Some of the people with the name Yong who settled in the United States in the 19th century included John Yong, who arrived in Allegany (Allegheny) Division, Pennsylvania in 1844. Robert Yong, who landed in Virginia in 1884.
Here is the population distribution of the last name Yong: China 1,492,853; Malaysia 151,920; South Korea 38,624; Singapore 22,479; Cambodia 12,507; Japan 10,220; Vietnam 6,955; Cameroon 4,559; United States 4,265; Taiwan 3,071.
Jang Yong, was a South Korean football player. He was born in the year 1945.
Ryoo Ryong, was a South Korean professor of chemistry. He was born in the year 1957.
Jim Yong Kim was born in Kim Yong in the year 1959. He was a South Korean-born American specialist and 12th administrator of the World Bank.
Lee Yong (luger), was a famous South Korean luger. He was born in the year 1978.
Kang Yong (born 1979), was a South Korean football player.
Lee Yong, was a South Korean football player. He was born in the year 1986.
Lee Yong, was a South Korean football player. He was born in the year 1989.
Yong Coat of Arms Meaning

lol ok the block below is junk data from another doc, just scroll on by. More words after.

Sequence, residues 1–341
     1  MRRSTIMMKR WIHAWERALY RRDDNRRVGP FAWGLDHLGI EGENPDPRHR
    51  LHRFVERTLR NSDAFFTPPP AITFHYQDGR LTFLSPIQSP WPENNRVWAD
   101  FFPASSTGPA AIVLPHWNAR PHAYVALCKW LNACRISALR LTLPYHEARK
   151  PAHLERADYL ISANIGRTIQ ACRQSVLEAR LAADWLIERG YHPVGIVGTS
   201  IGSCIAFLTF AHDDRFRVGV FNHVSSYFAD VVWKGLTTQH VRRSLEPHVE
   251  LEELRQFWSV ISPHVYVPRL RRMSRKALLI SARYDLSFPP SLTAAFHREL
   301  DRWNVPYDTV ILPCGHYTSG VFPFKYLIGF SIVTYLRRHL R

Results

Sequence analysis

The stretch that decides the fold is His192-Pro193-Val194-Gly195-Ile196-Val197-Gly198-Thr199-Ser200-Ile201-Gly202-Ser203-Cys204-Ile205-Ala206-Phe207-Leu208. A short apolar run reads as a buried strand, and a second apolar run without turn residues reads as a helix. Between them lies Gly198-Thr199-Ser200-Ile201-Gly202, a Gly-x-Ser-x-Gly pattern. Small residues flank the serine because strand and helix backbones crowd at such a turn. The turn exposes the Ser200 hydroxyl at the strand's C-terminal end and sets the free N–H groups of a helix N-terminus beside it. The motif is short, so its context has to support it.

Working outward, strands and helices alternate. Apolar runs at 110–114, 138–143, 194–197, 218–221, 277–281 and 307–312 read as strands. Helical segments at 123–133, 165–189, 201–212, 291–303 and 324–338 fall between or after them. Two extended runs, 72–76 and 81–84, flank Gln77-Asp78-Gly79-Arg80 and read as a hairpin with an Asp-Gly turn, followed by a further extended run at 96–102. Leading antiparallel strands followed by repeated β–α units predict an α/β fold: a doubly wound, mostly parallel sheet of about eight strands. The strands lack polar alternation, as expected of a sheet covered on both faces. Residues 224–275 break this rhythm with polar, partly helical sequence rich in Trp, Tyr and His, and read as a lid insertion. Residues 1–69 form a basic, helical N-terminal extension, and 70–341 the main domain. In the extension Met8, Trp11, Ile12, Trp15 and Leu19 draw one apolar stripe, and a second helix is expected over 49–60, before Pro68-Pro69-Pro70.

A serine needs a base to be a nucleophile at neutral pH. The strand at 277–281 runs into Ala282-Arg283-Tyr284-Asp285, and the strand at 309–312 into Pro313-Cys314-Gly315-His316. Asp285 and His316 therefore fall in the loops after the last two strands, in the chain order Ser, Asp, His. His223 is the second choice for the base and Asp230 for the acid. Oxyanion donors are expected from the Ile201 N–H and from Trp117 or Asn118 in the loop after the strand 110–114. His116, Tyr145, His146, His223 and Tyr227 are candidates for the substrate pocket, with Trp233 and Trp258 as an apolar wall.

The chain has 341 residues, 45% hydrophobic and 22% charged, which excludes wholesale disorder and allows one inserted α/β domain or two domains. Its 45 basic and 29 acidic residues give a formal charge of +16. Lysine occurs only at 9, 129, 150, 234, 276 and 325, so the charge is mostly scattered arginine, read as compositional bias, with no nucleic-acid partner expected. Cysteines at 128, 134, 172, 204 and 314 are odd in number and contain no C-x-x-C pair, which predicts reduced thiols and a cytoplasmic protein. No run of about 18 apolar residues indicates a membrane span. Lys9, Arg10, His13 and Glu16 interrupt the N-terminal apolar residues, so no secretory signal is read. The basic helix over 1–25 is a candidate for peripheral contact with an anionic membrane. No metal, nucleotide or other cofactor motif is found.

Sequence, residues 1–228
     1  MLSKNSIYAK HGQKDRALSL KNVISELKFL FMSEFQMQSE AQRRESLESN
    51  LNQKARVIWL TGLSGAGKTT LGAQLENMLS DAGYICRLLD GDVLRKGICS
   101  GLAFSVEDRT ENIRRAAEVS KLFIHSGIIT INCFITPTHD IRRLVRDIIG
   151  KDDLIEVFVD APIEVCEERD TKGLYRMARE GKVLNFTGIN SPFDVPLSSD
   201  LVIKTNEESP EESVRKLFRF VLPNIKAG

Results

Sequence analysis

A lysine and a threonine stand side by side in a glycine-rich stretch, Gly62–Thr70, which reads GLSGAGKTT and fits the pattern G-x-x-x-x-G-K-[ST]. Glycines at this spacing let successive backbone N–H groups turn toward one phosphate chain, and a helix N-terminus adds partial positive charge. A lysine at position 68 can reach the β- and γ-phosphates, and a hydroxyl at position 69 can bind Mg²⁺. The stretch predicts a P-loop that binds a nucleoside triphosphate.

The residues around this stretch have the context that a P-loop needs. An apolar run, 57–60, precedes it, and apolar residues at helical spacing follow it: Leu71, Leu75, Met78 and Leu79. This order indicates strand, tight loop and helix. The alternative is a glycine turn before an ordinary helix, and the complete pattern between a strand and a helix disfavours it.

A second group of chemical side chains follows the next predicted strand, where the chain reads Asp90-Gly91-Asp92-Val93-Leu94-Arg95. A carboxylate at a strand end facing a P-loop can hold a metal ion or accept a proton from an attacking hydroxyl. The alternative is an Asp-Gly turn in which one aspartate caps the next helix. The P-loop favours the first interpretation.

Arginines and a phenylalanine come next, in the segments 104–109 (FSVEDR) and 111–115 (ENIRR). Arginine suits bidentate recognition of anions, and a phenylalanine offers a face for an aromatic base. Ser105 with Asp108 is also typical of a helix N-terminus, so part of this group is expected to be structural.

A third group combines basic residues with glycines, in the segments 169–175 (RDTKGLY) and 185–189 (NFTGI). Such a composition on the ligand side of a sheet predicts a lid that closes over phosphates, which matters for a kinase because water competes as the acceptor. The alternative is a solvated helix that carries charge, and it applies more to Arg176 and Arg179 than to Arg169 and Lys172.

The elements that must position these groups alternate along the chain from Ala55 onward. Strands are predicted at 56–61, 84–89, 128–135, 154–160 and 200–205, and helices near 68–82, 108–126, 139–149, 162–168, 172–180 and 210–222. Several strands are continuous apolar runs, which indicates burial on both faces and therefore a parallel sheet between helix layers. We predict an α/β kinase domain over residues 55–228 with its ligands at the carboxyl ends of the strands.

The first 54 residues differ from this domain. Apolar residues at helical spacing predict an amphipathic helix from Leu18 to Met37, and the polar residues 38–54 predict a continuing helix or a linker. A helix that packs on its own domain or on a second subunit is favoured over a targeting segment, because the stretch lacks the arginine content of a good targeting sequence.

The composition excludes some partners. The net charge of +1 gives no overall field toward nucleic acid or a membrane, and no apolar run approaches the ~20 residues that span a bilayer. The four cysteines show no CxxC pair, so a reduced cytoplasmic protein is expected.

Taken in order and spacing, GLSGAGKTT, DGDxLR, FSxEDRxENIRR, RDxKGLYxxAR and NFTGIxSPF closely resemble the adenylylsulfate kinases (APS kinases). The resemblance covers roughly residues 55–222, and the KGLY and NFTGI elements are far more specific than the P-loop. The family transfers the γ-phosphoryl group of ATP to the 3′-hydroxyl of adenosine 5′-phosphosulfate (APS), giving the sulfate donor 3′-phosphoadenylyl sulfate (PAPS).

The four main devices (symbols) in the Yong blazon are the fusil, torteaux, griffin and bend. The three main tinctures (colors) are vert, or and azure .
The deep green colour that is so often observed in heraldry is more properly known as vert. According to Wade, the use of this colour signifies “Hope and Joy”, but may also represent, rather delightfully, “Loyalty in Love” . It has other names also, the French call it sinople, perhaps after a town in Asia Minor from where the best green die materials could be found . More fanciful heralds liked to associate it with the planet venus and the precious stone emerald . More strangely, there is some evidence that the term prasin was anciently used, being the Greek for the vegetable we call the Leek!